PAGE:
plenty of people saw it coming. but by and large those who did are only known about by people who actually have a working brain and a desire to learn something for themselves and not be spoon fed scripted fodder.

    Bob, don’t have to tell me we’ve got a crime problem. it is bad and getting worse, i agree. i’m not that much of an optimist, trust me.

    probably splitting hairs here…we’re not THAT far apart in our opinions.

    my main opinion is that one could do far worse for $330/SF than this place. it’s list is still too optimistic but anywhere much below $400K is a pretty fair price, imho.

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  50. A “fair” price today is knife catching in a declining market.

    Rental parity will not be the bottom on condos. What bubble doesn’t overcorrect?

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  51. i guess i just don’t think it’s “knife catching” anymore.

    i think it was knife catching in ’08/’09, etc.

    or, let’s just say i think the blade is not razor sharp at this point. it might break the skin but it won’t kill ya. =)

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  52. “I highly doubt the republican house is going to pass anything to help housing at this point”

    You are right but this is OK. It is time for America and Americans to finally take a hit financially and let the market find the true bottom. These temporary props to pull us off the bottom have, and will continue to be, a failure. Perhaps there will be a new stimulus plan of printing more money or giving some additional credits to engage people to do something drastic but I suspect not.

    My guess is that that $8K housing tax credit did little to help and in reality just put more people (all those innocent first time buyers) into houses that were almost immediately upside down in equity. In reality the program has really just increased the long term problem of people living in homes that they can not afford or desire to stay in for the long term.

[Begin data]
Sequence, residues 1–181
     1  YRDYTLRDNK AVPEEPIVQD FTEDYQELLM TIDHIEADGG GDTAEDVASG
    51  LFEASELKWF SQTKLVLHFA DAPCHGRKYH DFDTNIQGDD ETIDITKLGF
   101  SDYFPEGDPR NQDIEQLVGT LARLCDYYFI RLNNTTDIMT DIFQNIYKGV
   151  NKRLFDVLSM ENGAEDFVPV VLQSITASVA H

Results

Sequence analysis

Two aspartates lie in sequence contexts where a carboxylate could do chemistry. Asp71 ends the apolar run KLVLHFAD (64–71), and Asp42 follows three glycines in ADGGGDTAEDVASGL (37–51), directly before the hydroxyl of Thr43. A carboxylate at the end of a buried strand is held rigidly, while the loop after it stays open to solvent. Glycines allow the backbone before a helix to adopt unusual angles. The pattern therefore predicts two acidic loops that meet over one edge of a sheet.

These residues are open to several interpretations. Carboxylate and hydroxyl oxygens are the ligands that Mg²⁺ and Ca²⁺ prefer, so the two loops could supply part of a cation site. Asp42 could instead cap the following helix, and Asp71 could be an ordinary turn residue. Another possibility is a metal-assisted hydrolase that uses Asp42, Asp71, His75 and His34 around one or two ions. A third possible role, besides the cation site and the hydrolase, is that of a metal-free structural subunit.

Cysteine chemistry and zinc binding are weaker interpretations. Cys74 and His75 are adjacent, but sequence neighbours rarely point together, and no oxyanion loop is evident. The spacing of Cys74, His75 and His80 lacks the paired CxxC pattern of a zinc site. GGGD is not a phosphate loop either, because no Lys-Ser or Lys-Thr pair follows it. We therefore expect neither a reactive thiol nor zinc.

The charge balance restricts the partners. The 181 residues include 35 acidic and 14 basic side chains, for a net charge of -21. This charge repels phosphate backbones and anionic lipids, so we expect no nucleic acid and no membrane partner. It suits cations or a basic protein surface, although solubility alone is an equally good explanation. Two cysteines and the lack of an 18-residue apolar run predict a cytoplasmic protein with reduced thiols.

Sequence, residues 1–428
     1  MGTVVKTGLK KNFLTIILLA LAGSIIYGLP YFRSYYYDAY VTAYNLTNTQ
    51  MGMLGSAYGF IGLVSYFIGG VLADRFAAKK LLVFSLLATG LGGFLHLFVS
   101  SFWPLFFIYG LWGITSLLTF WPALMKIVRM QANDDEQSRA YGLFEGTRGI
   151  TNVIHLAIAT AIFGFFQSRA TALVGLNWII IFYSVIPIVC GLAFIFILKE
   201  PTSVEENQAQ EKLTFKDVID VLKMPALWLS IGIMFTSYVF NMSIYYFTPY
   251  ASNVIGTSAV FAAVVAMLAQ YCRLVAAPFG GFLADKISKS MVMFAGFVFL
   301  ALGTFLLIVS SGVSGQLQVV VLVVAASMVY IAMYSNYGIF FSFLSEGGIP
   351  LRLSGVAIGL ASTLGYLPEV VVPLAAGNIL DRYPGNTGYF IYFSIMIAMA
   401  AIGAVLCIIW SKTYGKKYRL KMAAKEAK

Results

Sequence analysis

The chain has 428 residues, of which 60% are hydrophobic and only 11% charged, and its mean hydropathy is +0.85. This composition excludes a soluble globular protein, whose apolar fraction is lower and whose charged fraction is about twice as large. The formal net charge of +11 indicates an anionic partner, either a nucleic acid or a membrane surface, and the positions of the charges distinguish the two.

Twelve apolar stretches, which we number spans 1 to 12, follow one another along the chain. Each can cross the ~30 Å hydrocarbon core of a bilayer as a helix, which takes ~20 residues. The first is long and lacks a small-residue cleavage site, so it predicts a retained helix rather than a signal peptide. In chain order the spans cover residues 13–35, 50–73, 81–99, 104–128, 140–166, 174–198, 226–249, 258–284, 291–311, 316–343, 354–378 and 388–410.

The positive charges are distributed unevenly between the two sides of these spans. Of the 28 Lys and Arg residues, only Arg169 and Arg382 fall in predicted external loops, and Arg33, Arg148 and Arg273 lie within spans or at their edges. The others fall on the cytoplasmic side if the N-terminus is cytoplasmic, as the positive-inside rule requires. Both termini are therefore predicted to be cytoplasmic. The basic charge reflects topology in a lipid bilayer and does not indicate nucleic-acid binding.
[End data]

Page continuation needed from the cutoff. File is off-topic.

Just think how many one and two bedroom condos were swallowed by that program. Fast forward three to five years and many of those young buyers will be looking to move. That is when they will finally realize that they are unable to get out without bringing more than the $8K they saved in taxes to the closing table. Ouch that should be a moment of true pain! It will also further delay our recovery or goal of finding the “true” bottom.

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  53. “Here are $3M+ single family attached & detached for the City of Chicago for various periods:

    Year – Q3 – YTD thru 10/31 – Sept only – Oct only

    2005 – 4 – 26 – 1 – 4
    2006 – 15 – 44 – 6 – 5
    2007 – 13 – 44 – 7 – 6
    2008 – 8 – 56 – 0 – 0
    2009 – 12 – 32 – 1 – 2
    2010 – 7 – 38 – 0 – 5″

    Thanks G. I thought someone would provide the data. So I’m not losing my mind (with those 5 properties selling in October alone.) It seemed like more were closing than I had seen in awhile. And the first 9 months are more than 2009. Still- we’re nowhere near 2008.

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  54. “Just think how many one and two bedroom condos were swallowed by that program. Fast forward three to five years and many of those young buyers will be looking to move. That is when they will finally realize that they are unable to get out without bringing more than the $8K they saved in taxes to the closing table. Ouch that should be a moment of true pain! It will also further delay our recovery or goal of finding the “true” bottom.”

    First of all Cee-lo your true bottom (if you don’t get it look up his relatively new single). I am one of those people that utilized the 8k credit, but didn’t get in over my head and found a place suitable for semi-long term or rental living. Equaled my rental costs while gaining equity, write off’s AND I can paint my walls – I chose white! You act like one or two bedroom places aren’t good for buying in the city but man are you wrong. Remember, the city is always replenished with young grads looking for places to live, or single people looking for a mate, or in-towners, relocation business people, etc… Remember that in New York, Boston, “L.A. City,” San Fran, Downtown Denver, etc.. you still cannot find a relatively high end, 1000+ sf decent floor plan one-bedroom (optional den) with central a/c, 4 pipe system, garage parking, and a view for less than 250-300k, let alone 600-700k in NY. Remember that this is just a set back for RE, or a correction in business terms, based on people’s expectations that they could turn a dime into a dollar rather than being happy with a quarter.